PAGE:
Establishing Disability Weights and the Burden of Burn Injuries in Australia, New Zealand and the Netherlands

Miss Inge Spronk1,2,3, Assoc prof Dale Edgar4,5,6, Dr Margriet van Baar1,2, Prof Suzanne Rea4, Dr Helen Douglas4, Dr Nancy van Loey7,8, Prof Esther Middelkoop3,9, Prof Babette Renneberg10, Dr Caisa Oster12, Dr Lotti Orwelius11, Dr Asgjerd Moi13

1Association Of Dutch Burn Centres, Rotterdam, Netherlands, 2Erasmus MC, University Medical Center Rotterdam, Department of Public Health, Rotterdam, Netherlands, 3Amsterdam UMC, Vrije Universiteit Amsterdam, Department of Plastic, Reconstructive and Hand Surgery, Amsterdam Movement Sciences, Amsterdam, Netherlands, 4State Adult Burn Unit, Fiona Stanley Hospital, Murdoch, Australia, 5Burn Injury Research Node, The University of Notre Dame Australia, , Australia, 6Fiona Wood Foundation, Murdoch, Australia, 7Association of Dutch Burn Centres, Department Behavioural Research, Beverwijk, Netherlands, 8Utrecht University, Department Clinical Psychology, Utrecht, Netherlands, 9Association of Dutch Burn Centres, Red Cross Hospital, Beverwijk, Netherlands, 10Department of Clinical Psychology and Psychotherapy, Freie Universität Berlin, Berlin, Germany, 11Department of Anaesthesiology and Intensive Care, and Department of Clinical and Experimental Medicine, Linkoping University, Linkoping, Sweden, 12Department of Neuroscience, Psychiatry, Uppsala, Sweden, 13Department of Nursing, Faculty of Health and Social Sciences, Bergen University College, Bergen, Norway



Burden of disease calculations are an important resource allocation tool in public health. An essential factor for these calculations is the disability weight, which reflects the magnitude of health loss associated with outcome. Currently, robust estimates are not available for the burden of burns due to the lack of disability weights for homogenous burn injury groups.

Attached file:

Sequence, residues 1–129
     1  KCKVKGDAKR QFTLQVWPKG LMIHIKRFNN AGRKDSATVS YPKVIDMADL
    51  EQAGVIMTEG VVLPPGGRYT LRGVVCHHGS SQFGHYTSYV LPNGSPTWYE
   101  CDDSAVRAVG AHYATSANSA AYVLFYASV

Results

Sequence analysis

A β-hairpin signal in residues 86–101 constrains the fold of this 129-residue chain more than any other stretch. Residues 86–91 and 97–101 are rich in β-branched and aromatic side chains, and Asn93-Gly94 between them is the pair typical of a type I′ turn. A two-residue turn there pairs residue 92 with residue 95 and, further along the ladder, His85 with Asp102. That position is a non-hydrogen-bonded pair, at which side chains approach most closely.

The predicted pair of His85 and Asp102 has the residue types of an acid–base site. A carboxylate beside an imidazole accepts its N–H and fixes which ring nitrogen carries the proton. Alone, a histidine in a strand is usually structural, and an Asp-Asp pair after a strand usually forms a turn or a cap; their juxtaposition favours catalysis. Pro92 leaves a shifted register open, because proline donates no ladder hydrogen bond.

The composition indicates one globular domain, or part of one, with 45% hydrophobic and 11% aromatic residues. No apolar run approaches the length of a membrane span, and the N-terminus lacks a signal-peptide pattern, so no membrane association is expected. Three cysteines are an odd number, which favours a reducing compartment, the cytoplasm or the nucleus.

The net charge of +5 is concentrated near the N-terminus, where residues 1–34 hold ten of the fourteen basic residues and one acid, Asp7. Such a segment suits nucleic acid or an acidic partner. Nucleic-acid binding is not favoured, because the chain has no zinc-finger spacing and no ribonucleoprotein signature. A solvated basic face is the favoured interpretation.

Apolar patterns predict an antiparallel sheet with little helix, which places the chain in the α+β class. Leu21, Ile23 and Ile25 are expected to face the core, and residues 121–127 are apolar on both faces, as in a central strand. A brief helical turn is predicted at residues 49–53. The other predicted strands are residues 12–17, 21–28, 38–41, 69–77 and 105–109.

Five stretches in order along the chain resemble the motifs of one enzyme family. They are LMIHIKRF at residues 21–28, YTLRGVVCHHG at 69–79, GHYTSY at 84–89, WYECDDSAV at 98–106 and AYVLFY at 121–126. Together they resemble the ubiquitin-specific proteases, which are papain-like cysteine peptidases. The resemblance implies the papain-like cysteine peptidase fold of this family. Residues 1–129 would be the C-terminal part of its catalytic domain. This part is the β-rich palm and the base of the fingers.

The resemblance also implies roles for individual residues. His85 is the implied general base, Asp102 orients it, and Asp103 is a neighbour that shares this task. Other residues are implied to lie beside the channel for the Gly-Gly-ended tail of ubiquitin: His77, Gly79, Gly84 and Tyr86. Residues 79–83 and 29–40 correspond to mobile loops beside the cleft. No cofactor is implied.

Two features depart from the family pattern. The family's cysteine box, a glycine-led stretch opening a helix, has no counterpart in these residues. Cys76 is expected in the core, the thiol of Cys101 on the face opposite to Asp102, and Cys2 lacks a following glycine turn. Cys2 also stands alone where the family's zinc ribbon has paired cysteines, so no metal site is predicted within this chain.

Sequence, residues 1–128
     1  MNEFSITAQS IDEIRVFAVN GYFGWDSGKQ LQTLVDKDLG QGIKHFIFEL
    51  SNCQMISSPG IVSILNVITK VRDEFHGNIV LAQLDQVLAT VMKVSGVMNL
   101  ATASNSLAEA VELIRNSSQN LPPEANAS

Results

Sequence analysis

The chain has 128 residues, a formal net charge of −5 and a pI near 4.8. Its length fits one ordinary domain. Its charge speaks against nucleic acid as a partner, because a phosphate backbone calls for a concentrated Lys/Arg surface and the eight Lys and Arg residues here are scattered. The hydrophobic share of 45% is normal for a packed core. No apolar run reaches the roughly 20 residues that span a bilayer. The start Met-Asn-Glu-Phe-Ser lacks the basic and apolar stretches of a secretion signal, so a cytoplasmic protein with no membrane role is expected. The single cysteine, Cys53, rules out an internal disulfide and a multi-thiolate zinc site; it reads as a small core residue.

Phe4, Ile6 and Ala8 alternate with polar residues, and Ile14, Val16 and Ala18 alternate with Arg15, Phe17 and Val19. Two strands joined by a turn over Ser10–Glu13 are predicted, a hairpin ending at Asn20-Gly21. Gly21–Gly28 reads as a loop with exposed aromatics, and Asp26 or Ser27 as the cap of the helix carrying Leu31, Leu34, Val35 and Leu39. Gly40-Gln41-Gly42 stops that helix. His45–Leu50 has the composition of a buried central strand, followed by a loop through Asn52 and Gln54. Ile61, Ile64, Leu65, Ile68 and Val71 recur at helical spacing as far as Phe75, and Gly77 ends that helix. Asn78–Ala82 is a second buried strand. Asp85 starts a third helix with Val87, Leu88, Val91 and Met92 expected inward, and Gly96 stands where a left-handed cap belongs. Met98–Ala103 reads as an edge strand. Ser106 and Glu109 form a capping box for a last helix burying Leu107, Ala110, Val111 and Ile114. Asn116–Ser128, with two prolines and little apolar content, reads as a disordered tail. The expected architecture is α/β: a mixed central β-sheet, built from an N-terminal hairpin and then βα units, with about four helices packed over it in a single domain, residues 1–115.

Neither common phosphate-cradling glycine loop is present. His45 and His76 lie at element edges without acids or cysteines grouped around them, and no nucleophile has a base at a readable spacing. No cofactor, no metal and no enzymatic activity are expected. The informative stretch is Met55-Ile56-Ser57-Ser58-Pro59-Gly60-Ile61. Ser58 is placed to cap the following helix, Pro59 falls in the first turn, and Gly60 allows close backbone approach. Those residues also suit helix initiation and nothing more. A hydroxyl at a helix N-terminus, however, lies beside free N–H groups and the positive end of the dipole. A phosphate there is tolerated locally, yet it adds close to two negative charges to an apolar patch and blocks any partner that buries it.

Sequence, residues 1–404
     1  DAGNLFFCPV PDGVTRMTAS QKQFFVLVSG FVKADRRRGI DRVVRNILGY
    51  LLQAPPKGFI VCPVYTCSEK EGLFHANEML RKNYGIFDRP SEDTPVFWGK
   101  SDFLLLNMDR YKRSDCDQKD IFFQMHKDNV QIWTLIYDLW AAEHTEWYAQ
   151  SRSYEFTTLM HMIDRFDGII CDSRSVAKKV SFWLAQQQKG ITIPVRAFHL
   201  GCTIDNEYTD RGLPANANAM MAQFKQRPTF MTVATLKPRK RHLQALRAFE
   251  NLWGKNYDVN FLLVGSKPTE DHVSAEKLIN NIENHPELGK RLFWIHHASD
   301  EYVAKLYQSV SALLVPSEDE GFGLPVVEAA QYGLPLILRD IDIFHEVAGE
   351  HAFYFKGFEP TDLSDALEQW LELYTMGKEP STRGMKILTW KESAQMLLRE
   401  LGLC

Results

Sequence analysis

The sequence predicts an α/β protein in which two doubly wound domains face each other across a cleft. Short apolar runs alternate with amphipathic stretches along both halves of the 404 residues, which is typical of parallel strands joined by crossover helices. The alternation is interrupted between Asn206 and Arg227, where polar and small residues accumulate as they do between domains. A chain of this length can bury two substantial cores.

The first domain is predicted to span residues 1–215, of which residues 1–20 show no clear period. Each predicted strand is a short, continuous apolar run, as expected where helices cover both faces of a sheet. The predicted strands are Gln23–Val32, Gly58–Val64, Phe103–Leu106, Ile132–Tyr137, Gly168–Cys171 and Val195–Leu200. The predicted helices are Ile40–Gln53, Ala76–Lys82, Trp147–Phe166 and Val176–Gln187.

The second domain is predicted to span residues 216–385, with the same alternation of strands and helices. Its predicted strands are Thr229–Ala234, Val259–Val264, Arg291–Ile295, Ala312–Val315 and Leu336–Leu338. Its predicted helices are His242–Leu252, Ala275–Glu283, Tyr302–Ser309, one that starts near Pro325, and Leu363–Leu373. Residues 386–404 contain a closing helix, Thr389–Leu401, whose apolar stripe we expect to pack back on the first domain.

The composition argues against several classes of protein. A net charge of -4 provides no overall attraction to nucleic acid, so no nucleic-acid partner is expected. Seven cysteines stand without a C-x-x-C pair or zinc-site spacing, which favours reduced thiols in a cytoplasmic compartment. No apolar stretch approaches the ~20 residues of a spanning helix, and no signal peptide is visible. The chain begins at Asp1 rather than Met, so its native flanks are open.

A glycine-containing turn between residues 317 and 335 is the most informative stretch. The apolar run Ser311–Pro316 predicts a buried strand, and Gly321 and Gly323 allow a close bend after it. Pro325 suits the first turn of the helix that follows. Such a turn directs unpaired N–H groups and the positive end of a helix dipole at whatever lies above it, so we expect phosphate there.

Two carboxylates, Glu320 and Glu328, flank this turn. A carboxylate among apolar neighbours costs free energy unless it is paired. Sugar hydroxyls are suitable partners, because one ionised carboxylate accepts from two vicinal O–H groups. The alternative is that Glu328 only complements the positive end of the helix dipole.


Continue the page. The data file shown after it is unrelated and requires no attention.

Our objective is to elaborate on a refined methodology to derive disability weights for homogenous burn injury groups, and to use this methodology to derive disability weights and calculate the burden of burns of Australia, New Zealand and the Netherlands.


Australian and European health-related quality of life data were used to derive disability weights for three homogenous burn injury groups based on %TBSA burned. Subsequently, incidence data from Australia and New Zealand (BRANZ data) and the Netherlands were used to compute years lived with disability which expresses the non-fatal burden of burns.


Data of 2600 patients were included. Disability weights ranged from 0.05 (subgroup <5% TBSA burned; >24 months post-burn) to 0.58 (subgroup >20% TBSA burned; 0-1 months post-burn). Incidence data from Australia, New Zealand and the Netherlands will be used to estimate the non-fatal burden of burns of these countries. This project is ongoing. Final results will be presented at the ANZBA ASM 2019.


This project will establish a method for more precise estimates of the burden of burns. This information can be used as input for health decision making at both the national and international level.


Dale is Head of the Burn Injury Research Node within the School of Physiotherapy and IHR at Notre Dame. In addition to this half-time role, Dale is also Senior Physiotherapist in the Adult Burns Unit at Fiona Stanley Hospital and Director of Clinical Research for the Fiona Wood Foundation.

For more than 20 years, Dale has been devoted to the provision and improvement of burn survivor and acute trauma rehabilitation.


ANZBA is a not for profit organisation and the peak body for health professionals responsible for the care of the burn injured in Australia and New Zealand. ANZBA encourages higher standards of care through education, performance monitoring and research.

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